Programming ModelΒΆ

VentureScript programs consist of a series of instructions which are executed by the Venture SIVM (Stochastic Inference Virtual Machine). These instructions

  • Build up a generative model for some phenomenon of interest (assume),
  • Include events on which that model is to be conditioned (observe),
  • Specify queries against that model (predict),
  • Invoke inference to explore the space of explanations of the events that the model judges as plausible (infer), and
  • Preform various additional and supporting functions (the others).

The top-level VentureScript program is much like a (randomized) program in any other high-level programming language, with one critical difference: It may

  • use assume instructions to build up an arbitrarily complex probabilistic model, as the space of execution histories of a sub-program, called the model program;
  • use observe instructions to specify conditions that program’s execution history should satisfy;
  • and use infer instructions to manipulate samples of that execution history to evolve them, in distribution, perhaps toward the Bayesian posterior conditioned on the observations (or perhaps not, depending on the programmer’s wishes).

When we wish to distinguish it from the model program, we refer to the toplevel program as the inference program. The programming language available to the model program, the model language, amounts to a slightly restricted subset of the full VentureScript language, which we also call the inference language.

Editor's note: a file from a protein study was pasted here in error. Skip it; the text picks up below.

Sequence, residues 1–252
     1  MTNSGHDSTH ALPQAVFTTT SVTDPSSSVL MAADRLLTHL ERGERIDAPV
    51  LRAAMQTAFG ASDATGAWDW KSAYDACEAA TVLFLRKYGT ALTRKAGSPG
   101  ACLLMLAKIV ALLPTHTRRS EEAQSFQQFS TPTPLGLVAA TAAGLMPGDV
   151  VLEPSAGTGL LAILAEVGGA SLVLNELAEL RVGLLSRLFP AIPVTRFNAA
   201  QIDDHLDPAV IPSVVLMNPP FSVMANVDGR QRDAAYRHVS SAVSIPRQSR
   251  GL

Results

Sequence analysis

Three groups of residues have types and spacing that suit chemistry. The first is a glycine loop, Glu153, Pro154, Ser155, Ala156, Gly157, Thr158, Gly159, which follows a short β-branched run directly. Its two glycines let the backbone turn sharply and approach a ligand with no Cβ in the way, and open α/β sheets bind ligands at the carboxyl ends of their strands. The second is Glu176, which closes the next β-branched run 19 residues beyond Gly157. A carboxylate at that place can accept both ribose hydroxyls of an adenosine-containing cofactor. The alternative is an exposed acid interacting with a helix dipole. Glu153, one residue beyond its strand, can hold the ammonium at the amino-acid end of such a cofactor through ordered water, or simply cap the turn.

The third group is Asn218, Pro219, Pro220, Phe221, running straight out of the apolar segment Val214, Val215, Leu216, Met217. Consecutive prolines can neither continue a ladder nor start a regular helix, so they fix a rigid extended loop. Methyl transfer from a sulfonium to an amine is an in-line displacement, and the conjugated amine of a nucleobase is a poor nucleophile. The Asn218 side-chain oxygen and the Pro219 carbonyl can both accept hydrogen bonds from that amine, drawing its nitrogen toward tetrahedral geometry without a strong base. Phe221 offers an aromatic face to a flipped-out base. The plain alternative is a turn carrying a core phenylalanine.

For those readers for whom this is helpful, you can think of the inference program as being run in the State ModelHistory monad (though, more like ST with a single implicit STRef ModelHistory, because the system’s state is actually mutated underneath). There are do, bind, and return, as one would expect, except that they are specialized to this one monad.

VentureScript is programmed in a JavaScript-inspired concrete syntax. In addition, VentureScript has a Lisp-like written representation for abstract syntax trees, and also accepts programs written in that (with the --abstract-syntax flag). As of the present writing, the system will report most errors in the abstract syntax, and you may find some definitions and examples in this manual written that way as well.

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